Quartz, but collectable…..

Although my collection covers Citizen’s mechanical and electro-mechanical watches, I have had to scratch a certain itch – and that is Citizen’s early quartz watches. I came to realise and appreciate that before mass production kicked this new technology was used in high grade and well made pieces. At the time, i.e. the early and mid 1970s, Citizen’s quartz models were the most expensive in their model line-up, reflecting the innovation and accuracy that quartz driven movements brought to the market. They were built to the same standards as high end mechanical models, and were capable of being serviced and a long life as a result.

Given all this, early examples of Citizen’s quartz revolution are very collectable. Some are very rare. For example the super accurate ‘4 Mega’ models with an annual accuracy of +/- 3 or 10 seconds is quite a thing – the top of the range retailed at 4.5 million yen in 1977!  I haven’t got one of them 🙂

More typically, early quartz models ran at +/- 15, 10 or 5 seconds a month, depending on the movement, with the 5 second models described as ‘EFA’ (extra fine accuracy). Compare that to the chronometer grade mechanical watches at that time, where +/- 5 seconds a day would be pretty good, and it’s clear why quartz became the predominant technology.

Although I’ll do a ‘Featured Watch’ post on each of these at some time, here’s a quick look at my three examples of Citizen’s early quartz models – first, a pic:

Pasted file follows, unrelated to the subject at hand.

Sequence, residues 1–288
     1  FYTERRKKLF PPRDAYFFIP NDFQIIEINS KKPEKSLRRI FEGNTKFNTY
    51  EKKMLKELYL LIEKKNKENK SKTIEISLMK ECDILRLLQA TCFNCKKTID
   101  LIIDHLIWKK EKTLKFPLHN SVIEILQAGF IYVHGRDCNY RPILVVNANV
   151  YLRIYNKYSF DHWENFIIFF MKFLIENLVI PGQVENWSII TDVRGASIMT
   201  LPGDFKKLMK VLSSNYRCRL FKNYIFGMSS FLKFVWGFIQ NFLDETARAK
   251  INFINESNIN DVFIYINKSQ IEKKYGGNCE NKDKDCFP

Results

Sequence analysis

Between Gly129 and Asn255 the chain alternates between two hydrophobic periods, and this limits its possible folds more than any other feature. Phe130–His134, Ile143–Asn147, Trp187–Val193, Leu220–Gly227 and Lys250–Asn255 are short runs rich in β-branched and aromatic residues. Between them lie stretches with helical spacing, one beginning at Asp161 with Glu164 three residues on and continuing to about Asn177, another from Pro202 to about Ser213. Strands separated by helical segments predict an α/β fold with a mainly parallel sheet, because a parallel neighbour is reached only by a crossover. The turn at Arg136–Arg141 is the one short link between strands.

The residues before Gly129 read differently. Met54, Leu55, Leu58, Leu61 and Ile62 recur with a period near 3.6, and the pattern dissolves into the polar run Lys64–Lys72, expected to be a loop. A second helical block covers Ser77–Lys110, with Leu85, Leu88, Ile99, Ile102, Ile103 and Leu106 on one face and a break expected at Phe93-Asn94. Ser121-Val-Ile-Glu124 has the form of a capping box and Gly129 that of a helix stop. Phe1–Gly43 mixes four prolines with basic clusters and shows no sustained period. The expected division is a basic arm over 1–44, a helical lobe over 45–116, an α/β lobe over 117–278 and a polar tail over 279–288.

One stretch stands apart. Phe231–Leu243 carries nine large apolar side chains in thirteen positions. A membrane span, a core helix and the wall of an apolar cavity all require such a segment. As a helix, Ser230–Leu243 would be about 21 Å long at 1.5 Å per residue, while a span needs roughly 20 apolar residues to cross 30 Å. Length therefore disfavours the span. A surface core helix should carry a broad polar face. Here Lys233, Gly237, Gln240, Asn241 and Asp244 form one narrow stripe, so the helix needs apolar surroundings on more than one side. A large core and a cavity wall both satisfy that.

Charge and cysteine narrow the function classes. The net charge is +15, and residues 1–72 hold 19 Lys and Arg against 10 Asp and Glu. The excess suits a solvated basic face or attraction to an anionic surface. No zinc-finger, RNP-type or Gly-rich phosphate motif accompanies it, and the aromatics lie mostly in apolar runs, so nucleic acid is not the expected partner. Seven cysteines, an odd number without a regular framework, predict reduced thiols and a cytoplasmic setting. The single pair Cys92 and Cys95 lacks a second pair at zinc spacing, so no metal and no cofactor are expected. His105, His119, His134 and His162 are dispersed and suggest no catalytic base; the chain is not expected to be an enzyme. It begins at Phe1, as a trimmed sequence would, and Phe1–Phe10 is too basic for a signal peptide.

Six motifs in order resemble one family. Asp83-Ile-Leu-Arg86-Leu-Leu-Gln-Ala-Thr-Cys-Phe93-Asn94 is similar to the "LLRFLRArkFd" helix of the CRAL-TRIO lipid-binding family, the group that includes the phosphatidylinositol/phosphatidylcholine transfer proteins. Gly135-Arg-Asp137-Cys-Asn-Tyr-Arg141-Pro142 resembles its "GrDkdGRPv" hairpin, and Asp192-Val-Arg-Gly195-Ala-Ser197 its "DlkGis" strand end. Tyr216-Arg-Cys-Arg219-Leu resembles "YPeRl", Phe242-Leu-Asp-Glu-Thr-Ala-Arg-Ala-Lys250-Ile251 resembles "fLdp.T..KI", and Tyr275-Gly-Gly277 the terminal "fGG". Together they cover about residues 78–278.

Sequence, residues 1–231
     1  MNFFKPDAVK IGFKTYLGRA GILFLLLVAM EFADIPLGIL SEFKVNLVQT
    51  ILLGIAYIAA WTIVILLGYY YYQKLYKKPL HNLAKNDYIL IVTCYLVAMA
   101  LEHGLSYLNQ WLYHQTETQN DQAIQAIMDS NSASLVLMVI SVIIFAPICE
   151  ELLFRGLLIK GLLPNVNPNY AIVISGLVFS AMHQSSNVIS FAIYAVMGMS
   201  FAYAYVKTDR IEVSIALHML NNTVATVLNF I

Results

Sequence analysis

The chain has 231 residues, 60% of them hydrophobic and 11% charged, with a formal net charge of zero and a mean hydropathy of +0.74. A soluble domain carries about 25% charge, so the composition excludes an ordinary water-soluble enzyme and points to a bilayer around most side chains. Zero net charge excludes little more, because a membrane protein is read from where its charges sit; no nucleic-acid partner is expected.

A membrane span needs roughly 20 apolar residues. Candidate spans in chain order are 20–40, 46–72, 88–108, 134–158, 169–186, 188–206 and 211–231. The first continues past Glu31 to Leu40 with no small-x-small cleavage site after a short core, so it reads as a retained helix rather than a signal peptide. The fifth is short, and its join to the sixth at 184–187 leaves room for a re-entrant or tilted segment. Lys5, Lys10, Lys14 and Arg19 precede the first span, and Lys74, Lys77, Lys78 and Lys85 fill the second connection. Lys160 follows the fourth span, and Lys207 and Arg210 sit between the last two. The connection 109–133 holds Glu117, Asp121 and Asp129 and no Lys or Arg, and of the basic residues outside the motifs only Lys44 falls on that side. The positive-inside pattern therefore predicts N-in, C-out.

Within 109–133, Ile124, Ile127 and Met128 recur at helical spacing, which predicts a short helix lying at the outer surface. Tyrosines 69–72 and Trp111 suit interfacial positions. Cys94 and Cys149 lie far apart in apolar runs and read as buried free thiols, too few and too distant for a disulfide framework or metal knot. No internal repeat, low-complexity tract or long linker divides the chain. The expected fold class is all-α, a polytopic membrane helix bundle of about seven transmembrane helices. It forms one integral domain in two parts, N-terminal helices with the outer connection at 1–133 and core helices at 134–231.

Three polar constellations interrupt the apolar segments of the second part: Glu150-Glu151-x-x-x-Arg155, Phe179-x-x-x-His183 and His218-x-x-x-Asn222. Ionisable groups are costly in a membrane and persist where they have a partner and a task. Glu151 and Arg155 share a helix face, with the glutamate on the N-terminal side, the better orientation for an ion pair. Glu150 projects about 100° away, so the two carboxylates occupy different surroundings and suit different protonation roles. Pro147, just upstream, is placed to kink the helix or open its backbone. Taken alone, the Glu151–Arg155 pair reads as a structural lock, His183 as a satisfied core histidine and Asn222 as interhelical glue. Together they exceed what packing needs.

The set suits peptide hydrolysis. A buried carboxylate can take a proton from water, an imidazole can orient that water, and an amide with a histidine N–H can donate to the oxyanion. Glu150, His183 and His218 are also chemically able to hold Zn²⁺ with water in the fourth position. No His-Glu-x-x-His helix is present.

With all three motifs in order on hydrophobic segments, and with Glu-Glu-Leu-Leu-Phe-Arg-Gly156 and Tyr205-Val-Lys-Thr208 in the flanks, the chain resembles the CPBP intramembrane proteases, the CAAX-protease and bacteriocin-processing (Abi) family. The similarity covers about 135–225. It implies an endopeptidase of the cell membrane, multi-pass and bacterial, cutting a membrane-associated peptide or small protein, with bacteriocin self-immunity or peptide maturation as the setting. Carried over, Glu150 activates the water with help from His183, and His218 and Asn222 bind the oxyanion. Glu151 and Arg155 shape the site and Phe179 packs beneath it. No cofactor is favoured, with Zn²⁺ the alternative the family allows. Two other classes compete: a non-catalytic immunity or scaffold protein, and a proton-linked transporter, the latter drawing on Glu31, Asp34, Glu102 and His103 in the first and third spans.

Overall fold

And I’ll start with the one at the centre, since this uses Citizen’s very first quartz movement, launched in 1972 – amazingly it retains a hairspring, as seen in the Cosmotrons. The 16,384Hz quartz oscillation in this 8811 movement is converted to 16Hz so the watch runs at 16 beats per second – 57,600 beats per hour! My example is from October 1973. The 8811 has an accuracy of +/- 10 seconds a month – the 8810 version is the EFA variant, i.e. +/- 5 seconds a month.

The 88xx movement was soon superseded by fully electronic movements, and the watch on the right is from August 1974. This has the 8600A movement and is an ‘LED’ model – the small LED lamp at 12 o’clock flashes every 60 seconds, with a +/- 10 seconds accuracy per month. The 8600E variant is the EFA version. Mine is marked ‘QUARTZ’, so it’s an early one, since from around October 1974 they were marked ‘Crystron’.

Finally, the one on the left is an unusual and rare Crystron, probably from around 1977/8. The dial is marked EFA, as is the 8560A movement, so it is a +/- 5 seconds a month watch. I have only found one other example of this model on the internet. The case is also interesting, and a rare type. It’s marked ‘IG’ which indicates a stainless steel case with a mirror finish titanium nitride (i.e. gold colour) coating. It is a nice alternative to a standard gold plated case, with a paler and more subtle colour.

Can’t help but like these 🙂


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10 Responses to Quartz, but collectable…..

  1. Marvin says:

    Thanks Stephen for the quick article on your electro mechanicals and quartz models. I too have a couple of the old quartz and Crystron’s and they are among my favorites.

  2. Mark Bransdon says: